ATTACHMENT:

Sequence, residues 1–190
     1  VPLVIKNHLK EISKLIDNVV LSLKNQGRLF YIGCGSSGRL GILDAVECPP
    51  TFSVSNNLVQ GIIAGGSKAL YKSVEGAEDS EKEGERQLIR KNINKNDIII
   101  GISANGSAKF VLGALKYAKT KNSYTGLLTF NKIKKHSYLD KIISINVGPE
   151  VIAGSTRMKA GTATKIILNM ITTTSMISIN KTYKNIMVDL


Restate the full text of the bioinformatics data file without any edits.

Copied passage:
Sequence, residues 1–190
     1  VPLVIKNHLK EISKLIDNVV LSLKNQGRLF YIGCGSSGRL GILDAVECPP
    51  TFSVSNNLVQ GIIAGGSKAL YKSVEGAEDS EKEGERQLIR KNINKNDIII
   101  GISANGSAKF VLGALKYAKT KNSYTGLLTF NKIKKHSYLD KIISINVGPE
   151  VIAGSTRMKA GTATKIILNM ITTTSMISIN KTYKNIMVDL